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Financial, Banking ETFs Log Second Largest Weekly Inflow This Year

Published 06/27/2023, 12:41 AM

During LSEG Lipper’s fund-flows week that ended June 21, 2023, investors were overall net redeemers of fund assets (including both conventional funds and ETFs) for the first week in three, withdrawing a net of $29.7 billion.

Taxable-bond funds (+$2.8 billion) and tax-exempt bond funds (+$672 million) attracted new capital. Equity funds (-$17.0 billion) and money market funds (-$16.1 billion) suffered outflows on the week.

Index Performance

At the close of LSEG Lipper’s fund-flows week, U.S. broad-based equity indices reported negative returns—the Russell 2000 (-0.59%), Nasdaq (-0.91%), S&P 500 (-0.16%), and DJIA (-0.08%) were all in the red. For the DJIA, Nasdaq, and S&P 500, this was the first negative return over the last four weeks.

The Bloomberg Municipal Bond Total Return Index (+0.33%) recorded its fourth straight weekly gain. The Bloomberg U.S. Aggregate Bond Total Return Index (+0.64%) logged its third week in the black in four.

Overseas indices traded down—Nikkei 225 (-1.61%), Shanghai Composite (-1.45%), FTSE 100 (-0.29%), and DAX (-0.85%).


The 10-two Treasury yield spread remained negative (-0.99), marking the two-hundred-and-fifty-second straight trading session with an inverted yield curve. The 10-year Treasury yield fell 2.28% on the week.

According to Freddie Mac (OTC:FMCC), the 30-year fixed-rate average (FRM) decreased for the third straight week—currently at 6.67%. Both the United States Dollar Index (DXY, -0.85%) and VIX (-5.15%) fell over the course of the week.

Market Recap

Our fund-flows week kicked off on Thursday, June 15, with the weekly initial jobless claims data showing seasonally adjusted initial claims was 264,000. The four-week moving average was 255,750—an increase of 8,500 from the previous week’s revised average and the highest four-week average level since November 13, 2021. The U.S. Census Bureau also announced the Advance Monthly Sales for Retail and Food Services report highlighting estimates of U.S. retail and food services sales were up 0.3% from the previous month and up 1.6% from 12-months ago—many forecasts had a monthly decline (-0.1%). Equity markets fared well on the day, both the S&P 500 (+1.22%) and Nasdaq (+1.15%) logged their sixth straight daily gain following Federal Reserve Chair Jerome Powell’s announcement that the Fed will not increase interest rates this earlier week.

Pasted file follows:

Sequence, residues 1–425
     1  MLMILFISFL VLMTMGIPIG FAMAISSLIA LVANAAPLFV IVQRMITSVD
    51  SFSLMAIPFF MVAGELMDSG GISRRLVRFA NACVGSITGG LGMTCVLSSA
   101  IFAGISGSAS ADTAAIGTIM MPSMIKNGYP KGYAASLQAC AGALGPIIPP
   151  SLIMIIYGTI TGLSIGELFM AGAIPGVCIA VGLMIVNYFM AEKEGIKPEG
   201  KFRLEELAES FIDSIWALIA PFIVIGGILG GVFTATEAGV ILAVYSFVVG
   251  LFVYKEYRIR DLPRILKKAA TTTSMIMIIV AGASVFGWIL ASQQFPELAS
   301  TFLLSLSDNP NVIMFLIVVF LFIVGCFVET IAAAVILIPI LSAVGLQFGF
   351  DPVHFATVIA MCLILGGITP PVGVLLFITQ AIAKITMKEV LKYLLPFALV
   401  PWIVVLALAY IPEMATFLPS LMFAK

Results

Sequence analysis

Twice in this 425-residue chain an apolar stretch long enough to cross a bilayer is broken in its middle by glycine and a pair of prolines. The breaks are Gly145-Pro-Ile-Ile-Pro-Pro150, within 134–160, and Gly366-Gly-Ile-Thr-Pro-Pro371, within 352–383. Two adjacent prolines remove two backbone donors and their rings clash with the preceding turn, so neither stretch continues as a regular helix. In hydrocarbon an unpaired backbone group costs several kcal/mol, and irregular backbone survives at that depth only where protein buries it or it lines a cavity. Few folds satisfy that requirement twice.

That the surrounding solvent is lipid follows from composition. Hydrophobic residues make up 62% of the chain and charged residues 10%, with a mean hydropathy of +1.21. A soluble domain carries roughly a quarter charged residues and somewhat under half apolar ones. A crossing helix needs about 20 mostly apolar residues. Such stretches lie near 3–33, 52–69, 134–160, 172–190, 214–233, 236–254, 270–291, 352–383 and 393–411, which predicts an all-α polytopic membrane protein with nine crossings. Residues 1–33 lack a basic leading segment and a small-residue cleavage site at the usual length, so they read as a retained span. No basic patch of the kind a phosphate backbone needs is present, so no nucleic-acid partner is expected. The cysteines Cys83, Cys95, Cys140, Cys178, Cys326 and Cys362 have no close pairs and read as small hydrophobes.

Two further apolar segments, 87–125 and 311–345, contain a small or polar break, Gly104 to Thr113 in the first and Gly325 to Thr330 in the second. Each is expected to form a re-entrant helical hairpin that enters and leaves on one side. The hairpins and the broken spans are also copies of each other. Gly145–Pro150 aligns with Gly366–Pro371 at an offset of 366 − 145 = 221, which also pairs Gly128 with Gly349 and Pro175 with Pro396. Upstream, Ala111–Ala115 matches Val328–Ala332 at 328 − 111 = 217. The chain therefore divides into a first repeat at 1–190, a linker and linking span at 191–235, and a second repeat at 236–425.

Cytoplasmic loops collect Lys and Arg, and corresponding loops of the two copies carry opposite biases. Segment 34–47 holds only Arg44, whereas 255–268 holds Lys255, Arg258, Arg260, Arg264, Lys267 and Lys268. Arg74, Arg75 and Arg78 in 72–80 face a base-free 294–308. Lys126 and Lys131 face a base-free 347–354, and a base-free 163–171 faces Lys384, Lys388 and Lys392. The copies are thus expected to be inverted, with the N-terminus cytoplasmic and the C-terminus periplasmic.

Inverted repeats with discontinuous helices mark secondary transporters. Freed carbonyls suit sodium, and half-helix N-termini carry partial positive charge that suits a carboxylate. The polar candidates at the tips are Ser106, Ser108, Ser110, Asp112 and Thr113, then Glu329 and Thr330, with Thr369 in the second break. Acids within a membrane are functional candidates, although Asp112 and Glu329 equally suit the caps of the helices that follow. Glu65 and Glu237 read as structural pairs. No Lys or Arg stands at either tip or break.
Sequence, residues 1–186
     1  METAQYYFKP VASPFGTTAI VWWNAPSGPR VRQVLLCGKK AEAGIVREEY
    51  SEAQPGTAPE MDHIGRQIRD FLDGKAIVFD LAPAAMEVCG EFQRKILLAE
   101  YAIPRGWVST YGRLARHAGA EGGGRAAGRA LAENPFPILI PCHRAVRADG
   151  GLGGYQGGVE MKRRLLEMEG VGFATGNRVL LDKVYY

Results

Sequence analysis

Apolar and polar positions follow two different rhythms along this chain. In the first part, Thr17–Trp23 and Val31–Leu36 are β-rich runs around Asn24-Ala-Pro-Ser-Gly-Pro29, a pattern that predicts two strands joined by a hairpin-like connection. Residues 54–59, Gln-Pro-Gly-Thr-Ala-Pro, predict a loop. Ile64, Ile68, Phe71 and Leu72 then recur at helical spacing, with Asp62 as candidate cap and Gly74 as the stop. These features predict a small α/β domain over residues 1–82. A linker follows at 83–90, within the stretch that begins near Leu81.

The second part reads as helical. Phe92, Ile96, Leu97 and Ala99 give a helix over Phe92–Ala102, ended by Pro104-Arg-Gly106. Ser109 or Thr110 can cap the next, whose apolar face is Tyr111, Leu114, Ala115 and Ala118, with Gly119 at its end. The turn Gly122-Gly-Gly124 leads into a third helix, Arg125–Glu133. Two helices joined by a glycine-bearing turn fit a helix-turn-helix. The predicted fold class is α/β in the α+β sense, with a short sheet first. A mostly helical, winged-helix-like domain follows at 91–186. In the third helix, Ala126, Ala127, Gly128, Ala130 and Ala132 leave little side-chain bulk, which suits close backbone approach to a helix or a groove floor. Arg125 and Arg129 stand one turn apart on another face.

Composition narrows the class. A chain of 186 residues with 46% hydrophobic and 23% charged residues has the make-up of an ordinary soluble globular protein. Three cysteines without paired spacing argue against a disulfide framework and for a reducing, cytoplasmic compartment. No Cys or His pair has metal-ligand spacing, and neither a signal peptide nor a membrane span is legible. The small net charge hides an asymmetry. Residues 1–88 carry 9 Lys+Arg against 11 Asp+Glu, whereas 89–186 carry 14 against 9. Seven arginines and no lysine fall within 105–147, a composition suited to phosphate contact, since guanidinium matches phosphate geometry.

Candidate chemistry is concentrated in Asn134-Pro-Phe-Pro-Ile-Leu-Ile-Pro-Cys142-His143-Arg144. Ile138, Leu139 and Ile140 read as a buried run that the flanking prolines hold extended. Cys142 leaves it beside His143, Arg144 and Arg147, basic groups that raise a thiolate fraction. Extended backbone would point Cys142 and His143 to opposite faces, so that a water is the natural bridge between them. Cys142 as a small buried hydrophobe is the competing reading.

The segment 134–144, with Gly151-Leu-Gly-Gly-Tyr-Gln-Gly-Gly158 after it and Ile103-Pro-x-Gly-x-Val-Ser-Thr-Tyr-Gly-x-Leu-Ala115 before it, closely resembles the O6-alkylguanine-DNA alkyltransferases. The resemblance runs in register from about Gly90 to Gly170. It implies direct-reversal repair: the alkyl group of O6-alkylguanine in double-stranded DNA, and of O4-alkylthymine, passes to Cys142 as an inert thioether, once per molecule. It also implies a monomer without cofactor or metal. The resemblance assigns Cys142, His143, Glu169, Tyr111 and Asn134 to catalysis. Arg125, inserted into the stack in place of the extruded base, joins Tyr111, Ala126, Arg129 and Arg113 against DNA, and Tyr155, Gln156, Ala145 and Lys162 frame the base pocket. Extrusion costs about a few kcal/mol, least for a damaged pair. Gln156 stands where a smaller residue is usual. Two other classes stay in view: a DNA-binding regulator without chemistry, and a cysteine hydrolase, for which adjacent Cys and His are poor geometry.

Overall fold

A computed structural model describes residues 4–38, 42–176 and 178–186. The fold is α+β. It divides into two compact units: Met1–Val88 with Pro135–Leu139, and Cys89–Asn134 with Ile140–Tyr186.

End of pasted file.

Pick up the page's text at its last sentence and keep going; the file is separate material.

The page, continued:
Friday, June 16, the University of Michigan published their consumer sentiment report detailing an increase in the U.S. to 63.9, marking the highest level in four months. These figures also beat forecasts, reflecting there may be greater market optimism than originally thought with the debt ceiling drama passed (for now) and inflation trending downward (for now). Treasury yields rose on the day, led by the five-year yield (+1.89%). Equity markets fell on the day—Russell 2000 (-0.73%), Nasdaq (-0.68%), S&P 500 (-0.37%), and DJIA (-0.32%).

On Monday, June 19, markets were closed in the U.S. in recognition of Juneteenth.

On Tuesday, June 20, President Joe Biden stated that U.S. and China ties are on the “right trail,” saying that progress was made during Secretary of State Antony Blinken’s two-day Beijing trip. The President of the People’s Republic of China Xi Jinping seconded Biden’s comments and said, “China respects U.S. interests and does not seek to challenge or displace the U.S.” He added that the, “U.S. needs to respect China and must not hurt China’s legitimate rights and interests.” The U.S. Census Bureau published its Monthly New Residential Construction that showed privately owned housing starts in May were 21.7 percent above the revised April number. Privately owned housing completions in May were also up (+9.5%) above April’s revised estimate. Both equity markets and Treasury yields fell on the day—DJIA (-0.72%) and S&P 500 (-0.47%), while the 10-year Treasury yield fell (-0.98%).

Our fund-flows week wrapped up Wednesday, June 21. Equity markets fell for the third straight day—Nasdaq (-1.21%), S&P 500 (-0.52%), DJIA (-0.30%), and Russell 2000 (-0.20%). Fed Chair Powell came out and insinuated that the central bank’s rate hikes are not done this year, saying, “Earlier in the process speed was very important. It’s not very important now…Given how far we’ve come, it may make sense to move rates higher but to do so at a more moderate pace.” The two-year Treasury yield increased by 0.38% on the day, while the three-, five-, 10-, and 30-year yields all fell.

Exchange-Traded Equity Funds